Starlings will gladly feast on a few mealworms, but these birds are aggressive if they show up in large groups. If you attract some starlings to your mealworm feeder and they start picking on the other birds, discontinue the mealworm offering until they go away. Otherwise, use a caged bird feeder to keep the larger birds out while allowing the smaller species to enjoy the food you’re offering.
Summer is the best time of the year to attract juncos to your yard with mealworms since this is when these beautiful songbirds eat insects. If you’re fortunate to attract a few juncos, you’ll surely be serenaded by their beautiful singing, so enjoy every moment.
If you place your mealworm feeder near shrubs for cover, you may be able to attract some shy thrashers to your yard. These birds enjoy eating mealworms, mixed berries, and nuts.
Towhees will gladly eat mealworms you place in your feeder, along with some suet, oats, or fruit. These trusting birds feed mealworms to their young and are known to eat from people’s hands when they are busy collecting food for their babies.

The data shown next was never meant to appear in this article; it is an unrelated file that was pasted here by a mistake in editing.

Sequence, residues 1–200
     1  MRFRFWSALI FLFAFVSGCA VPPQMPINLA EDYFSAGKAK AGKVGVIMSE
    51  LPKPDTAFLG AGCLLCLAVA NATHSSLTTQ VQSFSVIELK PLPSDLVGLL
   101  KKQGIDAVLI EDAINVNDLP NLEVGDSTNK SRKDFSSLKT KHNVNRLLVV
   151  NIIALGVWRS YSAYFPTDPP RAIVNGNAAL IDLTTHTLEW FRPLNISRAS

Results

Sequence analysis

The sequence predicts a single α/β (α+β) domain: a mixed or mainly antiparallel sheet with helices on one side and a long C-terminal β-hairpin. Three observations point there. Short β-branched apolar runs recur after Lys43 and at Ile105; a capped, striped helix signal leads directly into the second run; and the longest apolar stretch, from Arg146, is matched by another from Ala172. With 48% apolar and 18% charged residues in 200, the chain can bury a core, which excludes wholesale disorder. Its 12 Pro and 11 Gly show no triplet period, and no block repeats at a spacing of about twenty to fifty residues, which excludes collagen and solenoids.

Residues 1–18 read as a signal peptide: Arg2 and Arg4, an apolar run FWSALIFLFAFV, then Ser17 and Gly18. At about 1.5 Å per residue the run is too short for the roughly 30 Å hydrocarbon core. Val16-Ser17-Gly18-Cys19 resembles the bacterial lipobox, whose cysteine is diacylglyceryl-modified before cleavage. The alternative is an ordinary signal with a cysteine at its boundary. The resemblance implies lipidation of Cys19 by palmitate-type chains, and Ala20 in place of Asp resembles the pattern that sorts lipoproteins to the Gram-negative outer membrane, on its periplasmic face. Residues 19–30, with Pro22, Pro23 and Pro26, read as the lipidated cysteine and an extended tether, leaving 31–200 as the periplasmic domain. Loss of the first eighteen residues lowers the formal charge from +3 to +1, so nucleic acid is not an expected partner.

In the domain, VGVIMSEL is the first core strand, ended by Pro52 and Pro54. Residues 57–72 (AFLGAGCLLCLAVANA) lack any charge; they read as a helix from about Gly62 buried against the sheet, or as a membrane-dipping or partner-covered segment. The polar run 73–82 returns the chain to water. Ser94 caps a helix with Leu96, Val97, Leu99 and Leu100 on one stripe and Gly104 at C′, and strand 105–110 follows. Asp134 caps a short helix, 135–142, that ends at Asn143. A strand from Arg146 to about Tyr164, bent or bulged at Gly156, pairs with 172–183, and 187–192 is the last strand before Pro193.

Woodpeckers have big appetites and eat mealworms with their other favorite foods, including sap, nuts, berries, and fruit. Woodpeckers are solo eaters who don’t like sharing, so don’t expect to see them eating your mealworms while other birds are around.
Related Read: 16 Species of Woodpeckers in California (With Pictures)
Wrens are eager eaters that will gladly dig into some mealworms you scatter on the ground or place in your bird feeder. These birds also enjoy eating tiny pieces of suet, peanut, and sunflower pieces.
Tufted Titmice are small songbirds that primarily eat insects. These birds aren’t picky about what time of the year they enjoy mealworms. They’ll eat them year-round as long as you place the larvae in your backyard feeder.